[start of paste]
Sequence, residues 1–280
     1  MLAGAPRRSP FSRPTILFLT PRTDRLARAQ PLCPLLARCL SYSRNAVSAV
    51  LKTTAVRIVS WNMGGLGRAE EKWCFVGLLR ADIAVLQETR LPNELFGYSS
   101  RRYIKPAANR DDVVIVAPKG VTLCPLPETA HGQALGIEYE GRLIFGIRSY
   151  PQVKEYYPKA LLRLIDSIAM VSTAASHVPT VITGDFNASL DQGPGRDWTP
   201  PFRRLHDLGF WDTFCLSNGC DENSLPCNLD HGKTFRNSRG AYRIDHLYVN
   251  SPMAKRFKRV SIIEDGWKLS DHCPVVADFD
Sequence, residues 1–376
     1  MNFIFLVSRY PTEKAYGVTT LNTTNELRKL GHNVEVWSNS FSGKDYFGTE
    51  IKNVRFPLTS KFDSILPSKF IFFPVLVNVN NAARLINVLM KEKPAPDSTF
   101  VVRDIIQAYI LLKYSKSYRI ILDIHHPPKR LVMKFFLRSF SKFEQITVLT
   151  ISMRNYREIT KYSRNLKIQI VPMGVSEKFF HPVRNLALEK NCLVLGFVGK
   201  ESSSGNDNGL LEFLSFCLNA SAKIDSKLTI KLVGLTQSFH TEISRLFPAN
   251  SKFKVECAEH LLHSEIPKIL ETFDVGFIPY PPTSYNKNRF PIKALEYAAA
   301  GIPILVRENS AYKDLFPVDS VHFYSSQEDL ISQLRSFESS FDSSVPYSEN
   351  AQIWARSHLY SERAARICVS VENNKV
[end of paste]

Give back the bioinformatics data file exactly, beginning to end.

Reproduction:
Sequence, residues 1–280
     1  MLAGAPRRSP FSRPTILFLT PRTDRLARAQ PLCPLLARCL SYSRNAVSAV
    51  LKTTAVRIVS WNMGGLGRAE EKWCFVGLLR ADIAVLQETR LPNELFGYSS
   101  RRYIKPAANR DDVVIVAPKG VTLCPLPETA HGQALGIEYE GRLIFGIRSY
   151  PQVKEYYPKA LLRLIDSIAM VSTAASHVPT VITGDFNASL DQGPGRDWTP
   201  PFRRLHDLGF WDTFCLSNGC DENSLPCNLD HGKTFRNSRG AYRIDHLYVN
   251  SPMAKRFKRV SIIEDGWKLS DHCPVVADFD
Sequence, residues 1–376
     1  MNFIFLVSRY PTEKAYGVTT LNTTNELRKL GHNVEVWSNS FSGKDYFGTE
    51  IKNVRFPLTS KFDSILPSKF IFFPVLVNVN NAARLINVLM KEKPAPDSTF
   101  VVRDIIQAYI LLKYSKSYRI ILDIHHPPKR LVMKFFLRSF SKFEQITVLT
   151  ISMRNYREIT KYSRNLKIQI VPMGVSEKFF HPVRNLALEK NCLVLGFVGK
   201  ESSSGNDNGL LEFLSFCLNA SAKIDSKLTI KLVGLTQSFH TEISRLFPAN
   251  SKFKVECAEH LLHSEIPKIL ETFDVGFIPY PPTSYNKNRF PIKALEYAAA
   301  GIPILVRENS AYKDLFPVDS VHFYSSQEDL ISQLRSFESS FDSSVPYSEN
   351  AQIWARSHLY SERAARICVS VENNKV